For Sociology students studying Global Development this is a good example that seems to offer broad support for the continued relevance of dependency theory.

One article highlights the following factors which contributed to the 1000+ death toll –

  1. Bangladeshi factory workers cannot afford to not work when wages are only around the $50/ month mark.  Behind this, of course, lies Western demand for cheap and fast fashion – We only get £2 because of those low wages…..  
  2. The lack of long-term commitment to suppliers on the part of Corporate buyers – which means that it is economically irrational for many factory developers to invest in health and safety measures in their factories. As I see it behind this lack of commitment lies transnational firms’ desire to take advantage of the ‘race to the bottom’ – short contracts means the parent company can move out of Bangladesh at short notice to take advantage of cheaper labour elsewhere….  
  3. International Corporations effectively wash their hands of responsibility for monitoring health and safety through outsourcing – As a result, many of our high street shops have scant representation themselves in Bangladesh, leaving monitoring of health and safety to the Bangladeshi authorities, which basically means effective monitoring doesn’t take place.

However, The Ethical Trading Initiative takes a different approach, preferring to put responsibility on the Bangladeshi authorities, pointing out that…

‘A common reaction in the UK media and from NGOs has been to focus anger on brands sourcing from Bangladesh. But the view in Dhaka is rather different.  Newspapers here have concentrated almost exclusively on the failure by government agencies to implement the law on occupational safety and health (OSH) and the building code. This in turn is blamed on the nexus between garment factory owners and politicians – sometimes the same people.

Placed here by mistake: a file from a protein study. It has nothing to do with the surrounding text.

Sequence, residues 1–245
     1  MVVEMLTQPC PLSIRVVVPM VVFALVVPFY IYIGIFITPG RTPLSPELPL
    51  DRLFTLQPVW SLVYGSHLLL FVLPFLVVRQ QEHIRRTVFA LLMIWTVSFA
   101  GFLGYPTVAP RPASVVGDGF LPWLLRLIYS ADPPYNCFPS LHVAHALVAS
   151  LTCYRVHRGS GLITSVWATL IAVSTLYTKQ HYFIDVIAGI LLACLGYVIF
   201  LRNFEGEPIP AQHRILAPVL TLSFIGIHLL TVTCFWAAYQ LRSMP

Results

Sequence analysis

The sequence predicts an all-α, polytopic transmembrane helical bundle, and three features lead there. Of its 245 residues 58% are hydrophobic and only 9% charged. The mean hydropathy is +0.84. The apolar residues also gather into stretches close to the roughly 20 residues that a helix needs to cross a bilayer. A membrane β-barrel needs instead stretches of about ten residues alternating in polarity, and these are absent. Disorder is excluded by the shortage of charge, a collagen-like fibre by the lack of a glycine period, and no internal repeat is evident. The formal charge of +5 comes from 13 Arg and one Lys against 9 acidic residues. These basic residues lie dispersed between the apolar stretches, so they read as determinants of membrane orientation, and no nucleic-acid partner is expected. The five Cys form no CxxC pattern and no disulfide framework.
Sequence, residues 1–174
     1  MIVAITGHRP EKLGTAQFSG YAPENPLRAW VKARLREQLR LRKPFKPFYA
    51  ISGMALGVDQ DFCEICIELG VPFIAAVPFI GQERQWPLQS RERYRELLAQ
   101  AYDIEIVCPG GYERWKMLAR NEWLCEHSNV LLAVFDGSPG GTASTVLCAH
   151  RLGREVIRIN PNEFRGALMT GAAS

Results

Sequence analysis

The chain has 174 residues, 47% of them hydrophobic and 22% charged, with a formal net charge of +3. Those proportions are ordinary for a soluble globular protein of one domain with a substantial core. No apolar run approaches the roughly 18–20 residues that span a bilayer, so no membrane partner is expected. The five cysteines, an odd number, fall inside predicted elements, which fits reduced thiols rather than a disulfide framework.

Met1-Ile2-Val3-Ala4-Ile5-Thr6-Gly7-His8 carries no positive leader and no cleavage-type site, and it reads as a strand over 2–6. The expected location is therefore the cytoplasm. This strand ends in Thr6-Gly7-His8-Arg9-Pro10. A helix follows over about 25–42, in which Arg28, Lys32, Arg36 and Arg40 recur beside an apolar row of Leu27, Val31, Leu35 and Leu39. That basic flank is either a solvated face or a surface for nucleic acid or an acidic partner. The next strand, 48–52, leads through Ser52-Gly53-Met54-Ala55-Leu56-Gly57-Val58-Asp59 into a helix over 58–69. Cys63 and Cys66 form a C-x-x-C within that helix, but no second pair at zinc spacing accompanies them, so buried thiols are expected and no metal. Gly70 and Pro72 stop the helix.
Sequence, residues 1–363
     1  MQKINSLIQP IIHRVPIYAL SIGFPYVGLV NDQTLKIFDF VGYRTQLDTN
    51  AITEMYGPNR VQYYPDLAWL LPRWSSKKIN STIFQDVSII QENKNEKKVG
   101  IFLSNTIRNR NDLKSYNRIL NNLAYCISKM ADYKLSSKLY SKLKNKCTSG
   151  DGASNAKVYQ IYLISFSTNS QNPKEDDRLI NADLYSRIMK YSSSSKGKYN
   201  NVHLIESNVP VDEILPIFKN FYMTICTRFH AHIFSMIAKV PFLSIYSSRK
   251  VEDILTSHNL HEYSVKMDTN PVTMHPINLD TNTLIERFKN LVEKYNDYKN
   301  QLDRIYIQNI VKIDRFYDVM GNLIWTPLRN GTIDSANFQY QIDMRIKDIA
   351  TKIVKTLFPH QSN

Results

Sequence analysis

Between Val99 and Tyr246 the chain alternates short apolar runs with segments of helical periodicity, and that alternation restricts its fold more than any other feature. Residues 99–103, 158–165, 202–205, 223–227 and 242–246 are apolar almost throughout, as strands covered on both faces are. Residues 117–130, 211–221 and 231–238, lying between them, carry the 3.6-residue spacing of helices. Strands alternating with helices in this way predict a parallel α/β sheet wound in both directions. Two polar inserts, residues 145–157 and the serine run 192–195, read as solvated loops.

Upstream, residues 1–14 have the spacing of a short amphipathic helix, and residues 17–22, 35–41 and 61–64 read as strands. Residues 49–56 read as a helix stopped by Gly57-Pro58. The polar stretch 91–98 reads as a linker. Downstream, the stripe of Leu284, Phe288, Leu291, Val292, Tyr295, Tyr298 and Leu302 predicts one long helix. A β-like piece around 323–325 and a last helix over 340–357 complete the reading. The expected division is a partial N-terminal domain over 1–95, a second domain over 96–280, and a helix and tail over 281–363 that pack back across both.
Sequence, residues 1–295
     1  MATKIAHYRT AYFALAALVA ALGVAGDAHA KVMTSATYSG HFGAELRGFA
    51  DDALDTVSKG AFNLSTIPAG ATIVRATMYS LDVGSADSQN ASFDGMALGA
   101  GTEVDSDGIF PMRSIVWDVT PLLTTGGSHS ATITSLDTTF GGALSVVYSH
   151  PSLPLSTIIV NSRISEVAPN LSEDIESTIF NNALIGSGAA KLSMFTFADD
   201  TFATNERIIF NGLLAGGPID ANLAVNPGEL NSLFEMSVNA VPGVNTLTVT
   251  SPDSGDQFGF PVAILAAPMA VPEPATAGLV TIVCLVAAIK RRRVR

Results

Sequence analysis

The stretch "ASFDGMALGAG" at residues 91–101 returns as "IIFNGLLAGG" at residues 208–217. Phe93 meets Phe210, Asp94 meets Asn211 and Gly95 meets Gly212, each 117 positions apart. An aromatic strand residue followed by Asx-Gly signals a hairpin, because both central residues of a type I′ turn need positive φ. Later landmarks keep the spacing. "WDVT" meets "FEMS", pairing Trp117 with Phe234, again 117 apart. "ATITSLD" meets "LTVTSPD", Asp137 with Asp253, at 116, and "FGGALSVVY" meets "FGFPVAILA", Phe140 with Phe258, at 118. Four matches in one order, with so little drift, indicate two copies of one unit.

According to the 2008 building law, any new structure, for any purpose, has to obtain an occupancy certificate from a government agency before it can be used; only six certificates have been issued since 2008, although it is estimated 4,000 – 5,000 new buildings come up every year.’

The ETI also aruges that the lack of unionisation of workers is an important contributory factor in these deaths – As the article above says, the workers could clearly see the cracks in the walls of the factory, but were forced to go in and work – Unionisation may have given them the sense of empowerment to stand up for their rights and stay alive.  

Of course both of these perspectives – one blaming the TNCs, the other blaming the Bangladeshi elite – still offer broad support for the continued relevance of Marxist Theory – At the end of the day this is still a situation where the poor and powerless are dying so the powerful can maintain their profits.

 

Ugandan Alchemy or The Resource Curse?

Here is a nice illustration of the resource curse from relatively recent history- taken from the UN

The pink line shows Uganda’s gold production

The blue line shows Uganda’s gold exports

Uganda – A Nation of Alchemists?

 

Note the way in which gold exports, but not gold production, suddenly increases immediately following the entry of  Ugandan troops into the Congo War in 1994.

Some observers might suggest this offers support for the view that Uganda’s military involvement in that war was merely a cynical attempt to extract a few tonnes of gold – 40 tonnes over the period shown.

Of course it wasn’t only Uganda – Rwanda, Burundi, Namibia, Angola and Zimbabwe were all extracting DRCs resources during this period too!

Find Out More –